FARMINGTON — A group of about 50 state legislators heard about complex regulations, bad debt and opportunities in preventive care at a presentation Thursday morning on challenges and opportunities in rural health care.

Speakers with Franklin Community Health Network addressed the lawmakers, many of them newly elected, at Franklin Memorial Hospital as part of a three-day bus tour designed to inform the legislators on various issues about which they will be asked to make policy decisions. Sponsored by the nonpartisan Maine Development Foundation, the tour included stops at other institutions, such as schools and businesses.

Speakers in Farmington noted that many of the health care regulations they cited are imposed by the federal government.

Newly elected Rep. Andy Buckland, R-Farmington, said after the talk at Franklin Memorial Hospital that the events were all part of a learning process. He said the presentation showed different creative problem-solving strategies used in Franklin County.

“Some of what they showed us seems to be very successful and may serve as models for other places,” he said.

Also in attendance was Rep. Scott Cyrway, R-Benton, who said he is concerned about the cost of people receiving government-paid health care.

Cyrway said complicated health care regulations have pushed and pulled people sometimes in directions they don’t want to go, citing an incident in which a constituent of his was told to travel out of county to get a test that was available locally, but at a price his insurer didn’t want to pay.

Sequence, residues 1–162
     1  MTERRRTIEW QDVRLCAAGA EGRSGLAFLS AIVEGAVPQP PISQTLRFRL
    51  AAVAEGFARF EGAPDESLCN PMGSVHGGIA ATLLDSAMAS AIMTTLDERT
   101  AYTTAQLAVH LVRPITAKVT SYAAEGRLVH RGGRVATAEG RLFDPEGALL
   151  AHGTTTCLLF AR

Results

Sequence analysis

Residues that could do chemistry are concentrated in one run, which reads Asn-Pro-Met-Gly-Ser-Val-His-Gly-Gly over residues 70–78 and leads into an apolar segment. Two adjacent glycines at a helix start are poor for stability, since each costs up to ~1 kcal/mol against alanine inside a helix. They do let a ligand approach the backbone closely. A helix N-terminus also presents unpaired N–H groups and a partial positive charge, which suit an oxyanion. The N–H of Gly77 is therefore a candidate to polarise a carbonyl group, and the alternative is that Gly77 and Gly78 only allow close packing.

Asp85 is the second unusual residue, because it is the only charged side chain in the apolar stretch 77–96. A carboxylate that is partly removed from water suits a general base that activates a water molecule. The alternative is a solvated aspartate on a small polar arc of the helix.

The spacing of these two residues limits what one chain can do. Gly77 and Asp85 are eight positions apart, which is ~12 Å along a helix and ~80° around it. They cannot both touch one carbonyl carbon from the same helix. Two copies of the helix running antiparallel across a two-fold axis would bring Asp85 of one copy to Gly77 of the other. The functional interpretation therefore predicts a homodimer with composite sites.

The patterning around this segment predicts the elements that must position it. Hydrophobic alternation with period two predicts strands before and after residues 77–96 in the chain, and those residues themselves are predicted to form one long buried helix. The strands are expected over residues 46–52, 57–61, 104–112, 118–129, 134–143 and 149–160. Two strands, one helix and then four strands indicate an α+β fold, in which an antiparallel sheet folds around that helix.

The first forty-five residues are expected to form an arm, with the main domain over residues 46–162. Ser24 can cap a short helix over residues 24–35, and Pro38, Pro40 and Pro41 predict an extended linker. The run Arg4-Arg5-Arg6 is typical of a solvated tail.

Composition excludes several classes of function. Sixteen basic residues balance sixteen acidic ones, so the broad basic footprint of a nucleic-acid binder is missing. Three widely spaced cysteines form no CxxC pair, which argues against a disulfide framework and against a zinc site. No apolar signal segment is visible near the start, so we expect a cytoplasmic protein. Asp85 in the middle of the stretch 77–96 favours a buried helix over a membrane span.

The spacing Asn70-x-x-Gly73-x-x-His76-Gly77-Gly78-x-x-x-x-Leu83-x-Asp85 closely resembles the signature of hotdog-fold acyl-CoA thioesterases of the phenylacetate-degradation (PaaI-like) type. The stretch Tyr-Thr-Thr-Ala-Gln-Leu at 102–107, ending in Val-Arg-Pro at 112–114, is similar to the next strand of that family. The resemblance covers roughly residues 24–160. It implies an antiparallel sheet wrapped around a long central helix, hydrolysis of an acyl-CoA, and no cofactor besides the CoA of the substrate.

Rebecca Arsenault, president and CEO of Franklin Community Health Network, told the group that her network successfully has helped people become healthier, but said the nature of the health care economy means the network tends to lose financially when programs work.

“When we do the right thing, we are punished as an organization, usually financially,” Arsenault said.

For example, over the last several years, Arsenault said, the hospital emergency room has reduced visits by 7 percent by redirecting non-emergency patients to primary-care doctors. While those changes saved patients and insurers money and patients got the level of care they needed, Arsenault said the hospital lost out on money that would have been paid for expensive ER visits “and the revenue for this hospital has plummeted.”

Another challenge, Arsenault said, is an increase in patients needing charity care. In the last fiscal year, the hospital was not paid for about $7.7 million in care. About $4.2 million of the total was for charity care and $3.5 million was in bad debt, bills the hospital couldn’t collect. Franklin Memorial’s annual budget is about $70 million.

Arsenault said most people who received uncompensated care were ages 58 to 64, were uninsured and had chronic, acute medical problems.

The county’s demographics pose particular problems, Arsenault said. She said Franklin County hasn’t experienced meaningful population growth in a decade, about 17 percent of residents live in poverty, about 17 percent have disability status, 20 percent did not graduate from high school, and the community’s elderly population is expected to increase in proportion over the next decade.

The health network is also the largest employer of primary-care doctors in the county and hires them at a financial loss, Arsenault said.

Kaitlin Schroeder — 861-9252

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